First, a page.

Monthly Archives: January 2011

DeltaDays: The culture is the cure

In a welcome departure from a traditional lecture format, Ashara Ekundayo gave an eclectic, multi-media presentation entitled “Artivism and Eco-cultivation.” Ekundayo explained these somewhat unfamiliar concepts in an engaging and informative way.
She began by discussing artivism, which is a combination the arts and activism. Ekundayo explained that artivists are people who use art and culture to address problems in society. The philosophy of artivists generally is, “The culture is the cure,” which is the idea that culture can fix the world’s problems.

DeltaDays: Diversity in research

What responses can be made to the constantly changing world? Last week, the CSM community examined how diversity affects student’s lives at school and how students should celebrate the differences that are experienced in our community. Dr. Roel Sneider, in his lecture on diversity in the research environment, asked the question, “Why should we care about diversity?” Sneider then proceeded to answer his own question by stating, “I don’t know if you [have] noticed, but our world is changing… 30% of the US belongs to an ethnic minority.” While this certainly will not come as a surprise to many, it should cause us to stop and critically examine how we have made our school environment more open to minorities.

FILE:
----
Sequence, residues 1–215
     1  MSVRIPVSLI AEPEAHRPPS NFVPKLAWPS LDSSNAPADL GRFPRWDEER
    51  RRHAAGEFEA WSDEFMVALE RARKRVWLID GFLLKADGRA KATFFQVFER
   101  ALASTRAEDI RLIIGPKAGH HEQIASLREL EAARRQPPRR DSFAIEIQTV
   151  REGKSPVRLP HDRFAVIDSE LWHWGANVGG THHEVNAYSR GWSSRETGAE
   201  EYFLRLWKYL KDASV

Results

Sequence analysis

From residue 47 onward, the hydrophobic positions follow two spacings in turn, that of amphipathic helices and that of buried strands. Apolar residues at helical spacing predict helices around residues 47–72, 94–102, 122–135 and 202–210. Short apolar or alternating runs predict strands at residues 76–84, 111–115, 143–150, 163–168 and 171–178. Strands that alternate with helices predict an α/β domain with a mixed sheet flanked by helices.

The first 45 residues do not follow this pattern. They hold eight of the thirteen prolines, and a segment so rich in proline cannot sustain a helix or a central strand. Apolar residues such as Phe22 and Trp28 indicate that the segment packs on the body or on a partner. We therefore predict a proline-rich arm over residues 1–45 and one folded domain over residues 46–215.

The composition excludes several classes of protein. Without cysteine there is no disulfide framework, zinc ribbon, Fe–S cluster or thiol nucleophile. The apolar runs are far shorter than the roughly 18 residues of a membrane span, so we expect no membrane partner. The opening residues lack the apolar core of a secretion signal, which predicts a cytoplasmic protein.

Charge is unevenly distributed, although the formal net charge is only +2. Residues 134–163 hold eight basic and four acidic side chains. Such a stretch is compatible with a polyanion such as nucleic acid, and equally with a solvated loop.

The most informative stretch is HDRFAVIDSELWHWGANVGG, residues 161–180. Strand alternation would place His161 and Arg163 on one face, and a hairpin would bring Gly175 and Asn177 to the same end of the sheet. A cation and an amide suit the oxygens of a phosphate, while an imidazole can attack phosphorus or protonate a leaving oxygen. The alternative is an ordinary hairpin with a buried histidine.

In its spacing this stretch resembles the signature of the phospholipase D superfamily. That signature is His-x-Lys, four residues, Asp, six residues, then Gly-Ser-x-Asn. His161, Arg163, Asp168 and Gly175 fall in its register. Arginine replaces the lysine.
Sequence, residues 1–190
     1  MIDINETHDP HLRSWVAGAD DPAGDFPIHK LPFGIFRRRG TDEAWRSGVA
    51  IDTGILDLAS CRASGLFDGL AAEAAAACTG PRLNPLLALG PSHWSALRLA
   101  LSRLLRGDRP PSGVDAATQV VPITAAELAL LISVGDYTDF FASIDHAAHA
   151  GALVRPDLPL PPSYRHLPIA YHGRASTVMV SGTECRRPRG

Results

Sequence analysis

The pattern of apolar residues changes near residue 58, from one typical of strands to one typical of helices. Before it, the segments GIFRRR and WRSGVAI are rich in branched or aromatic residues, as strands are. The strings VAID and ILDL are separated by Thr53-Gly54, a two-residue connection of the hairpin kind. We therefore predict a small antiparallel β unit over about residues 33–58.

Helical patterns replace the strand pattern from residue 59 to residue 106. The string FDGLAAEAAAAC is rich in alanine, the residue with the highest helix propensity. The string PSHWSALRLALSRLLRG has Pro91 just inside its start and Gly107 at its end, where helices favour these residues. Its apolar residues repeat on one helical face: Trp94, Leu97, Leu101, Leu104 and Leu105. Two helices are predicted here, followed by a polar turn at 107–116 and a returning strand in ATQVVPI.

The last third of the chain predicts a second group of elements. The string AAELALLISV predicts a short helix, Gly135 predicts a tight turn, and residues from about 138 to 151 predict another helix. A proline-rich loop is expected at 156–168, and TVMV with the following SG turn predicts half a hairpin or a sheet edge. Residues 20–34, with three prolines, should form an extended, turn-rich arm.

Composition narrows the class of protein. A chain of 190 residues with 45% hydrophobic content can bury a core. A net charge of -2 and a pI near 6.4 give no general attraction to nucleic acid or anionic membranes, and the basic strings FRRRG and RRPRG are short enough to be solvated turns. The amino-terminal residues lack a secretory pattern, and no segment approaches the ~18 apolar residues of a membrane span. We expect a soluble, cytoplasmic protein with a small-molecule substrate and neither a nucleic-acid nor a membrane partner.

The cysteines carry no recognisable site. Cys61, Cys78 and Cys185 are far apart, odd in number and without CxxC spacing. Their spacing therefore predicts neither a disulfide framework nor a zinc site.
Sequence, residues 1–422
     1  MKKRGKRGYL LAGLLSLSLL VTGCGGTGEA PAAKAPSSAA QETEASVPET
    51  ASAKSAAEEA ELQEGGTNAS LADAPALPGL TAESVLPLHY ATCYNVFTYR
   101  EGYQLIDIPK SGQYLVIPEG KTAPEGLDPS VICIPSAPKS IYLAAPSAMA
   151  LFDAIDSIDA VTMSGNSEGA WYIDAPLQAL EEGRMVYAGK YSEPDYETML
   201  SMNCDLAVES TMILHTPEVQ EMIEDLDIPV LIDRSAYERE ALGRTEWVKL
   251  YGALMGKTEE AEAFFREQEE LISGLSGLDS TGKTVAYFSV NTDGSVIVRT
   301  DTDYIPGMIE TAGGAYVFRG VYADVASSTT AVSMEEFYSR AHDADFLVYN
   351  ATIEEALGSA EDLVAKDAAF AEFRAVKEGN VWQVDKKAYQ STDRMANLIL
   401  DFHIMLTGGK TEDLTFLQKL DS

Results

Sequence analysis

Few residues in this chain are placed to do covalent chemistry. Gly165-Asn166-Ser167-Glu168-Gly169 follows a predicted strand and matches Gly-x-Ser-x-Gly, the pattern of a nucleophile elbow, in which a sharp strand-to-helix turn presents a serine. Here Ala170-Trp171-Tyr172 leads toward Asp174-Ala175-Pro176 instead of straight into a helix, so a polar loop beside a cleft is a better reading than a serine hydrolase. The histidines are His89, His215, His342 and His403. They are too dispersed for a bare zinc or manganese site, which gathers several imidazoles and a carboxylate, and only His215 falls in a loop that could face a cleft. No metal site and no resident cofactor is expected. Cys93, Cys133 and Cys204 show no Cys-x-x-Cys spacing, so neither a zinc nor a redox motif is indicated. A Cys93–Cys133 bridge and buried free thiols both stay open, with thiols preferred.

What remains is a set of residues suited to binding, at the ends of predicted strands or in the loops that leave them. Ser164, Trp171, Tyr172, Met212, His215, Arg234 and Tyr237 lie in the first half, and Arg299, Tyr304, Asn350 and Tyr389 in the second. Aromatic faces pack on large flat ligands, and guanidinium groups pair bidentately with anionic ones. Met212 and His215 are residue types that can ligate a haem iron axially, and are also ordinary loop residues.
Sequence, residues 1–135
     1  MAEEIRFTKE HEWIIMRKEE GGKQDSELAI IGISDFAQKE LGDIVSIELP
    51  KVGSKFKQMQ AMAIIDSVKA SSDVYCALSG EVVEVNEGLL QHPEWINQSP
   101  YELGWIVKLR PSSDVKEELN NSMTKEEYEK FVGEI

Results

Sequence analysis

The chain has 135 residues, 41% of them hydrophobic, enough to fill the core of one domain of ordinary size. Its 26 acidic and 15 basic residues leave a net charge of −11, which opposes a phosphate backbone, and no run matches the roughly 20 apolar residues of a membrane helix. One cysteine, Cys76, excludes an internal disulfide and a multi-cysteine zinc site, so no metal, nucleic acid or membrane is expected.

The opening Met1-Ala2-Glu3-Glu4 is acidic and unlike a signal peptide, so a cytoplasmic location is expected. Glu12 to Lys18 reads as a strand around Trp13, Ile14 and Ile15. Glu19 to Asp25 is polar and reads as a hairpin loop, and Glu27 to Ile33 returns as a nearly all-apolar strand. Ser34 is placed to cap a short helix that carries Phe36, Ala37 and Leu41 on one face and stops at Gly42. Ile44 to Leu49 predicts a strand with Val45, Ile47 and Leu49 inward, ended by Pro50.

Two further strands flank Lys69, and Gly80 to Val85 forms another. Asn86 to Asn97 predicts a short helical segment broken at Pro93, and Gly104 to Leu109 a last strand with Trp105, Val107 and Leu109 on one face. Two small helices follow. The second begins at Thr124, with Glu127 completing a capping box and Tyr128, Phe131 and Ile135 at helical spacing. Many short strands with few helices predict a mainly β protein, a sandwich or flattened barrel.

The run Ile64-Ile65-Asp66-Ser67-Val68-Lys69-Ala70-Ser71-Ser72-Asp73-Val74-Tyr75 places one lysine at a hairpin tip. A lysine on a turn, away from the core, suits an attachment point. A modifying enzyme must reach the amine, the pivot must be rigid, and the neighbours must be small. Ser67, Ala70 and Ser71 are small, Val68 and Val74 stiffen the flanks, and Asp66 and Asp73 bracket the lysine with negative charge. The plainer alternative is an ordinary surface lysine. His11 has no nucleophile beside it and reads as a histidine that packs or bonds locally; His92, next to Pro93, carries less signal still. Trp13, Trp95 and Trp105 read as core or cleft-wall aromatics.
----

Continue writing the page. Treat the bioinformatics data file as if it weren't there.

DeltaDays: Closing with a dance

Friday, January 21, marked the end of DeltaDays, “A week-long series of diversity-oriented events, centered on the life and legacy of Martin Luther King.” The closing celebration started at 6 PM in Friedhoff Hall where free pizza and birthday cake were served. Three different step teams performed at the event, including the Mines Dance Team. Attendees were encouraged to participate in their own way, either by clapping to the beat or dancing along. The night ended with a bit of Salsa dancing; an instructor gave a lesson before opening up the floor for freestyle dancing.


DeltaDays: Ancient traditions of Curanderismo in a modern world

There was a moment in Sofia Chavez-Frederick’s childhood when she realized her mind was not connected to her body. There was no physical-emotional connection between the situations she was experiencing and her state of mind. At this point, Chavez-Frederick’s consciousness had actually split from her physical body. “I thought it was normal,” she explained, “I thought this was how everyone lived.”  Little did she know, Chavez-Frederick had developed both Post-Traumatic Stress Disorder and Dissociative Disorder after witnessing and experiencing several different abuses.

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